down through the layers of the OSI model, additional headers and trailers are added. After
Layers 7, 6, and 5 have added their information, Layer 4 adds more information. This
grouping of data, the Layer 4 PDU, is called a segment.
The network layer provides a service to the transport layer, and the transport layer presents
data to the internetwork subsystem. The network layer has the task of moving the data through
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the internetwork. It accomplishes this task by encapsulating the data and attaching a header
creating a packet (the Layer 3 PDU). The header contains information required to complete
the transfer, such as source and destination logical addresses.
The data link layer provides a service to the network layer. It encapsulates the network layer
information in a frame (the Layer 2 PDU). The frame header contains information (for
example, physical addresses) required to complete the data link functions. The data link layer
provides a service to the network layer by encapsulating the network layer information in a
frame.
The physical layer also provides a service to the data link layer. The physical layer encodes
the data link frame into a pattern of 1s and 0s (bits) for transmission on the medium
(usually a wire) at Layer 1.

TCP/IP
The TCP/IP model has the following four layers:

Application layer

Transport layer

Internet layer

Network access layer


Although some of the layers in the TCP/IP model have the same name as layers in the OSI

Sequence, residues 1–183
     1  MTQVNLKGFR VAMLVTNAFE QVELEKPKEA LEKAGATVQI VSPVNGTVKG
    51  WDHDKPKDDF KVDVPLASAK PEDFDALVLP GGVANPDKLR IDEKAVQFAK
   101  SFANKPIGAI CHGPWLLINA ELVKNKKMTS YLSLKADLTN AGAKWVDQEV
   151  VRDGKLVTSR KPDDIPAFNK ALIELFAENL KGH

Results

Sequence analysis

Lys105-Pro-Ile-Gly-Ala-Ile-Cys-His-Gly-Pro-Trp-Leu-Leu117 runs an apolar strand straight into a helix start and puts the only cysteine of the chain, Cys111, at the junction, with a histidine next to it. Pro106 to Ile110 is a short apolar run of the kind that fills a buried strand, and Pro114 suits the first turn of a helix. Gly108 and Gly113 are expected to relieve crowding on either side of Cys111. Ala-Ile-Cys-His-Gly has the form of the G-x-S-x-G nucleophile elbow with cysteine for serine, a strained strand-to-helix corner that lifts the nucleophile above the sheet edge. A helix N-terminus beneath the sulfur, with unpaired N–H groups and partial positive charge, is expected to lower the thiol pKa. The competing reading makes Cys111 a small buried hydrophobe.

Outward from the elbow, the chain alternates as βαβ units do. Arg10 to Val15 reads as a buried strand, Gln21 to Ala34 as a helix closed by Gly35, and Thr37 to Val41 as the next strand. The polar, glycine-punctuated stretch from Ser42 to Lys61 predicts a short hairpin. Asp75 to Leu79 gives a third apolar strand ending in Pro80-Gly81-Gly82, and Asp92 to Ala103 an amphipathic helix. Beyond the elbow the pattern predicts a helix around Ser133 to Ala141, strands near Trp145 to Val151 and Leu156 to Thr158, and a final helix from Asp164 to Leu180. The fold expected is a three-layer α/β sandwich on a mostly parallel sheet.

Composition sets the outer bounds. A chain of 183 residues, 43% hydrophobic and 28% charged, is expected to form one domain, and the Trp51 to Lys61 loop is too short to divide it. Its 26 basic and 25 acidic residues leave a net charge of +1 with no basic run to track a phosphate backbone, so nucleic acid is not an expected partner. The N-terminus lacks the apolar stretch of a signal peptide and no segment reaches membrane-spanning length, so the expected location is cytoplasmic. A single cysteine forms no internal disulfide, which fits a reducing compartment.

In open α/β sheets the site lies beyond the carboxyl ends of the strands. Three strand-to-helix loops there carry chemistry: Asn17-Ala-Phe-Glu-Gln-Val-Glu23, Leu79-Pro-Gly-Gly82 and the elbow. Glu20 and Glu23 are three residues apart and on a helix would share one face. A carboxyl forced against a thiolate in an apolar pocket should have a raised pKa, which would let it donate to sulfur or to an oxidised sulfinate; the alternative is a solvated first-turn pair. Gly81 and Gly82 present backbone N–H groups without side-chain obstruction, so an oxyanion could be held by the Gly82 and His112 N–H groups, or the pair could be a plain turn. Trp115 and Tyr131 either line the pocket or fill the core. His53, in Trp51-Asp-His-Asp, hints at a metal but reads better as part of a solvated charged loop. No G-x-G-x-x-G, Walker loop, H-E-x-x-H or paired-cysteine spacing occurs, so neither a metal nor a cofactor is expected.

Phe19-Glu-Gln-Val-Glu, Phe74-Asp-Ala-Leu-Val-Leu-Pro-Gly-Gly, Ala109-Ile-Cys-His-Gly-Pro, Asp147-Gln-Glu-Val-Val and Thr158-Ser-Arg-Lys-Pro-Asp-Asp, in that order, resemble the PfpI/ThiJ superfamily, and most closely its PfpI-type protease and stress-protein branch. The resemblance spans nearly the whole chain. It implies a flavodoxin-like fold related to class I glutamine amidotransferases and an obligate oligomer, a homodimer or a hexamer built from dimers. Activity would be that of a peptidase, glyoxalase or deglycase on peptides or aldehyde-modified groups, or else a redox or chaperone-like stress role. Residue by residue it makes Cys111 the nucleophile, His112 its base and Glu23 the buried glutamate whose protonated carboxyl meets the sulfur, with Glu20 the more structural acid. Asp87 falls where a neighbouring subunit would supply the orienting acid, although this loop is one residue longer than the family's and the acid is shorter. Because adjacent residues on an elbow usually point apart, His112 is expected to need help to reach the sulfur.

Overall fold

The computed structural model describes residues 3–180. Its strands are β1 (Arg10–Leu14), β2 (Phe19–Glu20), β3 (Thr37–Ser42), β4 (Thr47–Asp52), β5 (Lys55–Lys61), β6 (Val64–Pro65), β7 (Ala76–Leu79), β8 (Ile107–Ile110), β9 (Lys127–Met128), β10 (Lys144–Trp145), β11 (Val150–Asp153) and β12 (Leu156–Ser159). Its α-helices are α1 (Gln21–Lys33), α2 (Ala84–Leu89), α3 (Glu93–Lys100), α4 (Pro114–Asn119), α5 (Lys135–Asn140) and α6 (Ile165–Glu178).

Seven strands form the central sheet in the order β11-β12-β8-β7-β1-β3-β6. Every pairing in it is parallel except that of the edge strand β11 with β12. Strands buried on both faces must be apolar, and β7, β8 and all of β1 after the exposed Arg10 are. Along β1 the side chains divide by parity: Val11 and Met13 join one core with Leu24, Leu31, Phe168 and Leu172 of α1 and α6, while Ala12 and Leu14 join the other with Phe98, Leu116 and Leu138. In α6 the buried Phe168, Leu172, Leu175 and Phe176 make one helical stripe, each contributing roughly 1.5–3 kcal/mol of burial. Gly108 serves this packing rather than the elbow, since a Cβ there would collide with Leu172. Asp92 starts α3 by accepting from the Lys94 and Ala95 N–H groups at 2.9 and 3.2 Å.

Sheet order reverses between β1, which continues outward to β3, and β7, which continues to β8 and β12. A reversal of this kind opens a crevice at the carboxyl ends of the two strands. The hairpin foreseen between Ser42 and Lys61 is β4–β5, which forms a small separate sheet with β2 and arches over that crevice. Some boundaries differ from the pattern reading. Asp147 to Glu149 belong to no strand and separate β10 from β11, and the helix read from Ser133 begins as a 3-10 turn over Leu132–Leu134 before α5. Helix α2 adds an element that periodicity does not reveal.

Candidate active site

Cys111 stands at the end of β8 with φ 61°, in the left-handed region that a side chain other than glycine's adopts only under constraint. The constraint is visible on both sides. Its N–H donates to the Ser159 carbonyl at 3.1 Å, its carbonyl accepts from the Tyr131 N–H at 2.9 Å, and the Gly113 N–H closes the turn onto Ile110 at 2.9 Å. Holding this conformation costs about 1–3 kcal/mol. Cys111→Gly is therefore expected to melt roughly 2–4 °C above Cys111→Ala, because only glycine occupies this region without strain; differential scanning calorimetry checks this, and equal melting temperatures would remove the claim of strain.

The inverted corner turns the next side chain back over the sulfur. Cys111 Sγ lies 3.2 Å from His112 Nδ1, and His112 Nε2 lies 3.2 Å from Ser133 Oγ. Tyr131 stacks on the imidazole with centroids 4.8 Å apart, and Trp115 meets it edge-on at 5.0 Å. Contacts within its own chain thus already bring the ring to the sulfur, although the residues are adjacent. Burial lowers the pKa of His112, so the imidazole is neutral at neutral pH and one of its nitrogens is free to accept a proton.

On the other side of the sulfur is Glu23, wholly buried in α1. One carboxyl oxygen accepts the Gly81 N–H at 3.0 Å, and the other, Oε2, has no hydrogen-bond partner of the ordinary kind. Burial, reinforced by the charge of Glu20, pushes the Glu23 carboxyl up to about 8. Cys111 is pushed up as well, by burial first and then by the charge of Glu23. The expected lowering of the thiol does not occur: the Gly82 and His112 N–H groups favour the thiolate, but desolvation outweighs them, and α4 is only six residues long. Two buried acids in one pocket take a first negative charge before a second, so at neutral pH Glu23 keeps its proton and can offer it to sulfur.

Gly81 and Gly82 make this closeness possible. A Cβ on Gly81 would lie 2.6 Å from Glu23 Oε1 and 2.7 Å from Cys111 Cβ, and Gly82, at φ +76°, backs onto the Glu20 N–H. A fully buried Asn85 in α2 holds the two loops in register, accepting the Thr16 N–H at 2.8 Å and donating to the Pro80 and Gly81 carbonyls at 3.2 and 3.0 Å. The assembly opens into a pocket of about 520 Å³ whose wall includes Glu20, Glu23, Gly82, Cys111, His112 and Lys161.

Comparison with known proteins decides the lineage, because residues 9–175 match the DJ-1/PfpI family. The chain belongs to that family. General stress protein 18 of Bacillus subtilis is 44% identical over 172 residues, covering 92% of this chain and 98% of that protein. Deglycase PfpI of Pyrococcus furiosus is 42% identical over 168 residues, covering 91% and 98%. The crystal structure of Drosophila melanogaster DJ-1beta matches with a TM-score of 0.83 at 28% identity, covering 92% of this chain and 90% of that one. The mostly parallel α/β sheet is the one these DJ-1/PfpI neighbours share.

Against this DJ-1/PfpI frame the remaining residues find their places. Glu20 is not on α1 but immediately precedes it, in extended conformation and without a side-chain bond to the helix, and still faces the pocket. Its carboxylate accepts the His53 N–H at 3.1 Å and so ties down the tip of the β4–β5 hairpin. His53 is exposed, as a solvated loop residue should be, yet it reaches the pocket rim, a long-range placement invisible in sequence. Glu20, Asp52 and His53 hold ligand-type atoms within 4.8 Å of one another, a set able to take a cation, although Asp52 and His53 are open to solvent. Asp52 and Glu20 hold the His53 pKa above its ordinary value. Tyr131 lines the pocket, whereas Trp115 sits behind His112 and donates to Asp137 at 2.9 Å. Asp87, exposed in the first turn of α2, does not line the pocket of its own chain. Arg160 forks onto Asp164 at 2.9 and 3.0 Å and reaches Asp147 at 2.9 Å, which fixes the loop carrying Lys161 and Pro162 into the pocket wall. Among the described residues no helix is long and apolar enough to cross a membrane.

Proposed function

model, the layers of the two models do not correspond exactly. Most notably, the application
layer has different functions in each model.
The designers of TCP/IP felt that the application layer should include the OSI session and
presentation layer details. They created an application layer that handles issues of
representation, encoding, and dialog control.
The transport layer deals with the quality of service issues of reliability, flow control, and error
correction. One of its protocols, the transmission control protocol (TCP), provides excellent and
flexible ways to create reliable, well-flowing, low-error network communications.
TCP is a connection-oriented protocol. It maintains a dialogue between source and destination
while packaging application layer information into units called segments. Connection-oriented
does not mean that a circuit exists between the communicating computers. It does mean that
Layer 4 segments travel back and forth between two hosts to acknowledge the connection
exists logically for some period.
The purpose of the Internet layer is to divide TCP segments into packets and send them from
any network. The packets arrive at the destination network independent of the path they took to
get there. The specific protocol that governs this layer is called the Internet Protocol (IP). Best
path determination and packet switching occur at this layer.
The relationship between IP and TCP is an important one. IP can be thought to point the way
for the packets, while TCP provides a reliable transport.
The name of the network access layer is very broad and somewhat confusing. It is also known
as the host-to-network layer. This layer is concerned with all of the components, both physical
and logical, that are required to make a physical link. It includes the networking technology
details, including all the details in the OSI physical and data link layers.
Some of the most commonly used application layer protocols include the following:

File Transfer Protocol (FTP)

Hypertext Transfer Protocol (HTTP)

Simple Mail Transfer Protocol (SMTP)

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Domain Name System (DNS)

Trivial File Transfer Protocol (TFTP)


The common transport layer protocols include:

Transport Control Protocol (TCP)

User Datagram Protocol (UDP)


The primary protocol of the Internet layer is: